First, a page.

Independent procurement consultant Naomi Clews provides her top 10 tips on how to save money on recruitment
Many opportunities exist for schools to stretch their recruitment budgets further – here’s the lowdown on 10 of them!
Knowing what you spend, and with whom, is the first step to managing recruitment spend – identifying not only your largest spend (Pareto 80/20 rule) but also those one-off, high value spends, eg. executive searches. Schools should also regularly check timesheets and invoices to ensure they are correct.
2. Working collaboratively
Avoid bidding wars by working collaboratively with schools in your area. Put ‘game theory’ and zero-sum gains (one person’s gain results in losses for other participants, or the joint actions of groups result in collective payoffs) into practice by agreeing and implementing collective agreements – eg. ceilings on workers’ pay and commissions paid to suppliers.
3. Commitment contracts
Rationalising your supply base – working strategically with a smaller number of suppliers – facilitates demand aggregation. A ‘mini-competition’ under a framework agreement can be used to create a preferred supplier list (PSL) which is easier to manage, achieves better value for money and makes you more attractive to suppliers – and more likely to get first refusal on candidates at short notice.
Benchmarking suppliers’ commissions (under a framework) provides an indication of the lowest cost of supply – but not all frameworks are created equal; some are better at motivating suppliers than others. Framework owners, typically, charge suppliers between 0.5% and 10% of their framework turnover in return for a place on their framework. Ultimately, these fees are passed onto customers. The majority of frameworks are free for schools to access, therefore allowing schools to benchmark framework owners’ supplier fees.
A mini-competition is a formal opportunity to negotiate prices down from those published under a framework. Working collaboratively, schools can present an attractive proposition to suppliers. Negotiating percentage finders’ fees, commissions, claw backs, payment terms and added value benefits are all opportunities to reduce recruitment spend.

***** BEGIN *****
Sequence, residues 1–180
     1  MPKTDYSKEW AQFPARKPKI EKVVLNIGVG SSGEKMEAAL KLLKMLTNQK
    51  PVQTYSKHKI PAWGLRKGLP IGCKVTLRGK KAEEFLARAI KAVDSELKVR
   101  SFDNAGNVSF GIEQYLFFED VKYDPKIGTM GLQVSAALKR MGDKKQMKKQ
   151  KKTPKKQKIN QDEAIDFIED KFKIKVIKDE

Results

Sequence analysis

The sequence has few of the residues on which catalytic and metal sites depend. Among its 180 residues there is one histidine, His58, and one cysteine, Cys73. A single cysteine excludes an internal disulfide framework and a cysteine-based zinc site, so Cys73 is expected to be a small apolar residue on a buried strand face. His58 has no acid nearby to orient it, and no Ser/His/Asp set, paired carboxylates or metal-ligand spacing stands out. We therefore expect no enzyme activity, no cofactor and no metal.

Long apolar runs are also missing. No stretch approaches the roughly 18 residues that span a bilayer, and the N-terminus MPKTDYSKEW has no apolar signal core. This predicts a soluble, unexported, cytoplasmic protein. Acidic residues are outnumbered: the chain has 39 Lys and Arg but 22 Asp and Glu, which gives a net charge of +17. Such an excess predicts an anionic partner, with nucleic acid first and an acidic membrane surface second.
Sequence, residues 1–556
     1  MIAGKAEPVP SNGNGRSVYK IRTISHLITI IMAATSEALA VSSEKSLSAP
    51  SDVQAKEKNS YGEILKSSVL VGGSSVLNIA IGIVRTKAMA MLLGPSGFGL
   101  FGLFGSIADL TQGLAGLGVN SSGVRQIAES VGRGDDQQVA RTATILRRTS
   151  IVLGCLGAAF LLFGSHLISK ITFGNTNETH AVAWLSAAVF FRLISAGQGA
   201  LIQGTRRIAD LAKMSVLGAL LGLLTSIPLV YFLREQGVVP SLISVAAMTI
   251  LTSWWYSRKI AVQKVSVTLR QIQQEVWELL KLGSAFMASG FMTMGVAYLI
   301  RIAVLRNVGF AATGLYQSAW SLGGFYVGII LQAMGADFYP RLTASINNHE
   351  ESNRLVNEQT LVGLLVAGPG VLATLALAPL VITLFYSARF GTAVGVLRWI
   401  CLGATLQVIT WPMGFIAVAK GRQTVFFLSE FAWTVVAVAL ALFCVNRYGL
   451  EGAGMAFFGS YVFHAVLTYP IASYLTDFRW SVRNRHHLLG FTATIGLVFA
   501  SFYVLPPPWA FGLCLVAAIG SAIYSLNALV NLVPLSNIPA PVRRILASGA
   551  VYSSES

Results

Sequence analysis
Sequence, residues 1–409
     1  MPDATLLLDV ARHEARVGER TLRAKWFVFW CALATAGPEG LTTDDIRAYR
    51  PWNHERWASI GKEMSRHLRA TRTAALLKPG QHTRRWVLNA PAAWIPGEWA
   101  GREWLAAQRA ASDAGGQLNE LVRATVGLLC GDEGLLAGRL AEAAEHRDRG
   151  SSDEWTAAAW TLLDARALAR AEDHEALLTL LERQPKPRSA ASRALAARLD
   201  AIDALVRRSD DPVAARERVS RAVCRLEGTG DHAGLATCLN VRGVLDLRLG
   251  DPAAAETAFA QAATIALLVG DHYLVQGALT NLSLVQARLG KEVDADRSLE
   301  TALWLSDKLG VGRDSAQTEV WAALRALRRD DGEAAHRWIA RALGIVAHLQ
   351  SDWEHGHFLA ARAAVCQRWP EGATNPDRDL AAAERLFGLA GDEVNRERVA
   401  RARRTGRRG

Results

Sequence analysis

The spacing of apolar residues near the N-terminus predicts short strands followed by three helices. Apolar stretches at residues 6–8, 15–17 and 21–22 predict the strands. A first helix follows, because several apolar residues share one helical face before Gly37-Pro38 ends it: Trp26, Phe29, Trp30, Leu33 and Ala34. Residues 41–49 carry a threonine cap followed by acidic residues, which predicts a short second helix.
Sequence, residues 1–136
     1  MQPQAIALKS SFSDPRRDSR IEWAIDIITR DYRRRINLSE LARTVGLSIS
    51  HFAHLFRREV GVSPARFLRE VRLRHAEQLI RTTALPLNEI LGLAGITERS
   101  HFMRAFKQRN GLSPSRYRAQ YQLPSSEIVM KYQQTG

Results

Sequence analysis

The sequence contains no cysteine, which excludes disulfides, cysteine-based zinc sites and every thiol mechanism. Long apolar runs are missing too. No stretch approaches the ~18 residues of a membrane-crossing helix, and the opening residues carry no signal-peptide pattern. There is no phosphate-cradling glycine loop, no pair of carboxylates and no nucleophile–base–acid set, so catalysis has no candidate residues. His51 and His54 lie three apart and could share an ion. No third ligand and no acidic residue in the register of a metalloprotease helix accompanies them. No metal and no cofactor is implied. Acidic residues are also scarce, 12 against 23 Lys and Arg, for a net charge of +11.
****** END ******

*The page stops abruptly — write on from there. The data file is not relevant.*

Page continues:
6. Sustainable pricing
Low prices may appear attractive but, if supplier margins are unsustainable, or workers’ pay rates too low, suppliers may be unable to attract candidates to the position. A robust service level agreement (SLA) will help schools manage suppliers who continually underperform, bringing such contracts to a swift conclusion.
Outsourcing your recruitment activity to a third party provider can reduce administration (one consolidated monthly invoice), facilitate direct engagement and provide enhanced management information for greater visibility of spend.
8. Claw backs
Permanent recruitment finder’s fees are charged as a percentage of the candidate’s salary. It’s pertinent to negotiate the reimbursement of a percentage of the fee paid, and/or a free replacement, in the event that a candidate leaves before the end of the claw back period, or fails their probation.
9. Pitfalls to avoid
Adhering to contractual Ts&Cs will reduce the risks associated with incurring additional fees, such as hiring a temporary worker (temp-to-perm fees), switching a temporary worker to another agency (temp-to-temp fees) or recommending a temporary worker to somebody else (temp-to-third-party fees). Situations can also arise where supplier one sends a candidate CV, and later you hire that same candidate through a second supplier; supplier one charges you an introduction fee, resulting in you paying twice for the candidate.
10. Creating a great place to work
The biggest money saver of all is avoiding the need to recruit by maintaining a happy and motivated workforce!